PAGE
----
With the cheap and cheerful Micra being discontinued and the Versa Note hatchback leaving North America, Nissan may have appeared to have abandoned the tiny car market in favour of subcompact crossovers with its extensive lineup of CUVs starting with the Kicks. But there's a new model in town, one that hasn't been seen at Canadian dealers since model year 2014. The Nissan Versa sedan will be returning to our market and the company says that this model is all about value. We spoke to Nissan Canada's head of product planning Scott Pak about the new car and how Nissan sees the segment.
The Versa sedan was launched in the U.S. last year and it's a different car underneath than the Note, which is a big reason why we didn't see either models here. But does Nissan wish that it had a hatchback for Canadian shoppers instead? "Having dug into the market a bit and the segment trends, I think as long as we provided the correct value... and utility customers would go to either," said Pak. "When you look at this car, when you sit in it, I would argue it has more utility than you saw in the Micra and Versa Note," he added.
While the previous Versa sedan was a bit of a dull blob in the styling department, the new model adds some excitement to the subcompact sedan market. It borrows much of the same styling cues that have worked so well on the Altima and Sentra, including the signature Nissan V-motion grille, that kick up at the rear pillar, and even a faux-floating roof design that is becoming more common on more upscale models. Subcompact cars generally lean toward inoffensive over interesting in the styling department, but Nissan has gone for interesting and it pays off.
Inside, Pak calls it "hella roomy," which translates on the spec sheet to 1,003 mm of headroom up front and 922 mm for the rear along with 787 mm of rear legroom and up to 425 L of trunk space. Those figures are good for the class, especially in the trunk, with an exterior footprint about the same as the Hyundai Accent, Toyota Yaris, and Mitsubishi Mirage G4.
Powering the Versa is a 1.6L four-cylinder making 122 hp and 114 lb-ft of torque, both figures that are right on the nose for class average. A five-speed manual is available, but we'll guess most buyers will opt for the CVT. This subcompact car gets full-size active safety gear, and Nissan's giving it a load of standard kit including emergency braking with pedestrian detection, rear emergency braking, lane departure warnings, and auto high beams. Blind spot warnings and rear cross-traffic alert, part of Nissan's Safety Shield 360, will be on the options list, though Nissan wasn't ready to give us the list of features for each trim just yet. Expect to see radar cruise control as well.
Nissan calls the dashboard design a Gliding Wing instrument panel, styled like the ones in the Maxima and Altima, and says it makes the car feel more spacious. Again, Nissan hasn't given us the full features list, but we expect the same 7.0-inch touchscreen as in the U.S. car, with Apple CarPlay and Android Auto available. We're also hoping that the advanced drive-assist display, a full-colour digital screen for half of the instrument panel, makes it to our market. Another cool feature on the U.S. car is the Follow Me Home Headlights. Lights that stay on after the car is off is nothing new, but Nissan lets you pick how long they stay on each time. One click of the turn signal equals 30 seconds of light, so multiple clicks gives you more time, letting you pace yourself properly as the lights help you navigate in the dark after you leave the car.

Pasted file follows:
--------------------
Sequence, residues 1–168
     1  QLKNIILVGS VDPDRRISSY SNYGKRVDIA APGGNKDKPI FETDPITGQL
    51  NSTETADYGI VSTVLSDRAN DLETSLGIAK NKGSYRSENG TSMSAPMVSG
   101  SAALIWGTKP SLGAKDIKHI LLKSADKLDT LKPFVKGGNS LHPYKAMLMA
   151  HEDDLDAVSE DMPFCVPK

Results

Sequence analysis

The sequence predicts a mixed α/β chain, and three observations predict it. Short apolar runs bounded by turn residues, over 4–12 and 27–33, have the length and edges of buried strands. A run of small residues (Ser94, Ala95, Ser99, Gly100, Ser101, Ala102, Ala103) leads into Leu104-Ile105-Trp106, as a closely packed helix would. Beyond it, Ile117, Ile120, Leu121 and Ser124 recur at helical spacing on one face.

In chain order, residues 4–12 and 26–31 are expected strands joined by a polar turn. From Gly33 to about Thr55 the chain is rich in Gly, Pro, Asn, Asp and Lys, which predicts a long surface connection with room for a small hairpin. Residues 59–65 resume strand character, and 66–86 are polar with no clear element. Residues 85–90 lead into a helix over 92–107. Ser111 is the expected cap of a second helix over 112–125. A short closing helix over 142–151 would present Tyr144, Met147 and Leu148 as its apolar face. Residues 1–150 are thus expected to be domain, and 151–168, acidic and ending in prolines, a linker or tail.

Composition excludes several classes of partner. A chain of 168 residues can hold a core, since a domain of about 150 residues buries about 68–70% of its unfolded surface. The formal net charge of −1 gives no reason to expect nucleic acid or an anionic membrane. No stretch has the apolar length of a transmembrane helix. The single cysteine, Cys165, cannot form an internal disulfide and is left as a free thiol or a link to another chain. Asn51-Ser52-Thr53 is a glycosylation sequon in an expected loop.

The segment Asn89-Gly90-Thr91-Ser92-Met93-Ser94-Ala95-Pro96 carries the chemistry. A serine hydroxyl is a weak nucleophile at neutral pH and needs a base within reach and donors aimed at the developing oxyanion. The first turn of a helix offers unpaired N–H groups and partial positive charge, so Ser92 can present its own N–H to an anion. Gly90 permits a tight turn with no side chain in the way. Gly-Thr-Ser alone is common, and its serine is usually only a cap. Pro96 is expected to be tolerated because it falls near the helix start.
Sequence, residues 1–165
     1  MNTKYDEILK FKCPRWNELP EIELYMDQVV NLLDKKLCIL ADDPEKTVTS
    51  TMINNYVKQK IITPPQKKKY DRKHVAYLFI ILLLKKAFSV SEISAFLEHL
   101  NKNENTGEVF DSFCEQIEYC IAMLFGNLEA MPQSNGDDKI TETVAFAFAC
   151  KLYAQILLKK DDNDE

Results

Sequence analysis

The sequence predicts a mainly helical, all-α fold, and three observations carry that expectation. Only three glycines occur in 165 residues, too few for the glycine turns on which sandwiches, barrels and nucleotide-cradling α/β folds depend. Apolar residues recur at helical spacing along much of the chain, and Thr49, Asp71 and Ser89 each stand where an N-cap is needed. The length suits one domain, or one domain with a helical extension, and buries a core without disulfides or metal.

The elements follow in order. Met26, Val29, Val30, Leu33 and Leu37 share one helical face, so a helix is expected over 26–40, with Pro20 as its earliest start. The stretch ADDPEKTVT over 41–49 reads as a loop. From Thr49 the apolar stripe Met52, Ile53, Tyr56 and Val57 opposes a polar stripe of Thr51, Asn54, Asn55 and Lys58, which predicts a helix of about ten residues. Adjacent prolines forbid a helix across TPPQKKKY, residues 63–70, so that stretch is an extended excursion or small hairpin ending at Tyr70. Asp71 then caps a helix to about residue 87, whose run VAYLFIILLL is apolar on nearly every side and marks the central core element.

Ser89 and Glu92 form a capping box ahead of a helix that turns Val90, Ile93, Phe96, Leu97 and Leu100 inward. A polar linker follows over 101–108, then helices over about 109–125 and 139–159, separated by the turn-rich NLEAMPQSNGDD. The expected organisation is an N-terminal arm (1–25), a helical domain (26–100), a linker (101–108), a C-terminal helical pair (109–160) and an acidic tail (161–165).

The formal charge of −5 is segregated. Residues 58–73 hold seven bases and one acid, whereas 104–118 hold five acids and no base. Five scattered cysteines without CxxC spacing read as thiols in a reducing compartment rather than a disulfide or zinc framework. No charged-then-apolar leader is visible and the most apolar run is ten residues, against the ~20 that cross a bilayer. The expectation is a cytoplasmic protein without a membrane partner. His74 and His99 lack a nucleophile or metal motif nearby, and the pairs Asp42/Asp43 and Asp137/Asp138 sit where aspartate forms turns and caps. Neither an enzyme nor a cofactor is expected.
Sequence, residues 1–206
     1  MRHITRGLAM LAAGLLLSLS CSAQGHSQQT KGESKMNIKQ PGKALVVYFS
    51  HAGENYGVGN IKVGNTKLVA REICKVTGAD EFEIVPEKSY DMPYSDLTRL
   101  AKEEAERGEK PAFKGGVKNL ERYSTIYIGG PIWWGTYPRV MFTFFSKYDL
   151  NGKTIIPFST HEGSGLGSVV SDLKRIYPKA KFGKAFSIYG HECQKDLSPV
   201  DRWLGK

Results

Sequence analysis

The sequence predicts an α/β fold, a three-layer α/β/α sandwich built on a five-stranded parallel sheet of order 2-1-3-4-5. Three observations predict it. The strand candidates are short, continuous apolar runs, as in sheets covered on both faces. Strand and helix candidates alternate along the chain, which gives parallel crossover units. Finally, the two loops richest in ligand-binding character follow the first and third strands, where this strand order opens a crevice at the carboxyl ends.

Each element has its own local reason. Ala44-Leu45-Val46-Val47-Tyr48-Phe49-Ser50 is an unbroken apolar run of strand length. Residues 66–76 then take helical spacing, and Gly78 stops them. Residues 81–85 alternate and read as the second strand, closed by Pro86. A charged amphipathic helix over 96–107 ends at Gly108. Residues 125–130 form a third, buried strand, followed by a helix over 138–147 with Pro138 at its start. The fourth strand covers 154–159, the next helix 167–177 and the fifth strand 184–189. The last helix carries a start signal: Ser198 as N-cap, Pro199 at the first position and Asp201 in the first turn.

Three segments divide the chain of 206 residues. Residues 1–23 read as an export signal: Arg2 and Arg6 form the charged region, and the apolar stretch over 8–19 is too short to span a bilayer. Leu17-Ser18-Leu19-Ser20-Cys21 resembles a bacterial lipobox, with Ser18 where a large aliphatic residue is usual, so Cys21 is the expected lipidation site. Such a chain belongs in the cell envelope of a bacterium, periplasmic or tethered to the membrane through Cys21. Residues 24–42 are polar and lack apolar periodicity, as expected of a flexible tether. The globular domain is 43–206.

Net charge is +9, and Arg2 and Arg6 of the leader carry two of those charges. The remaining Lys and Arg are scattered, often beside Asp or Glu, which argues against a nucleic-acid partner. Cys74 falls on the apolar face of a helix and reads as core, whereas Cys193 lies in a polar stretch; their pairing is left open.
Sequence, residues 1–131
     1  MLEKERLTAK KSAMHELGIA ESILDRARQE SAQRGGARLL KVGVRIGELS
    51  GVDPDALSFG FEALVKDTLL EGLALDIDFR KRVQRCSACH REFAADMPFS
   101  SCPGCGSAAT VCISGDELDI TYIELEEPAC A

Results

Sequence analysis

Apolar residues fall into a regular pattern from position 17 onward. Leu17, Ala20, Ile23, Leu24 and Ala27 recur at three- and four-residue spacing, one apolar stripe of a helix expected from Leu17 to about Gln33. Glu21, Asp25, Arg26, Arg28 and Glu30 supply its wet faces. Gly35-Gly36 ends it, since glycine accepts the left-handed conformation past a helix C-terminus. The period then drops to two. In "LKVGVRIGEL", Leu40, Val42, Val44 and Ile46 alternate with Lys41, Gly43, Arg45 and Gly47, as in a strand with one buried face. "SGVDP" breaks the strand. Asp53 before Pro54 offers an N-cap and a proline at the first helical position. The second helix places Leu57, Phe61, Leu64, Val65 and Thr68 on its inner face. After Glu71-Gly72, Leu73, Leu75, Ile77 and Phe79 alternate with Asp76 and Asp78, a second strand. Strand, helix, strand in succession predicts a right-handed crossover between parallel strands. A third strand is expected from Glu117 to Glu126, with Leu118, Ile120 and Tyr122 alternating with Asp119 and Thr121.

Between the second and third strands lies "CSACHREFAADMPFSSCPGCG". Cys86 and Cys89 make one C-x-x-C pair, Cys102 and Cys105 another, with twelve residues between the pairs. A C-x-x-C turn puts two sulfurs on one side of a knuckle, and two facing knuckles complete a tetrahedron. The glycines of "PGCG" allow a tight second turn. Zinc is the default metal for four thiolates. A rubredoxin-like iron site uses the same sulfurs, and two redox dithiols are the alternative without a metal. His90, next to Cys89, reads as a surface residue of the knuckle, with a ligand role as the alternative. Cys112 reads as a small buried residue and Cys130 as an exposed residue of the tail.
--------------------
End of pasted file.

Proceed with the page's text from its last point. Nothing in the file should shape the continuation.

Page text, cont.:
It may seem like an odd choice to launch a new sedan when other automakers are abandoning the segment, but Nissan says it's an opportune time. "As other nameplates exit the field, we see a real opportunity to build our segment market share and nurture this crucial group of new-car buyers," said Nissan Canada President Steve Milette. The car also gives Nissan one of the freshest car lineups around, with all four of its sedans new or refreshed in the last model year or two.
The company also thinks that the sedan leaves more room for style than the hatch. "With the sedan, you have inherently a little bit more sexiness, more expression of individuality, which in our research, that's what (buyers) are looking for in a sedan," said Pak, adding "the ubiquitous crossovers everywhere lost a little bit of the sense of identity but we see some of that being recaptured in the sedan market."
While the company won't announce pricing until closer to the car's market launch in late summer as a 2021 model year car, Pak said that "the strategy is not price, it's value," and that "we're trying to say that Versa is not the super cheap super economy car that people might think it is from the past, it's definitely an all-new player."
So will this one replace the Micra racer in a new Versa cup? No comment on that, but Pak did say "I would like to see a Titan Cup, that'd be pretty cool."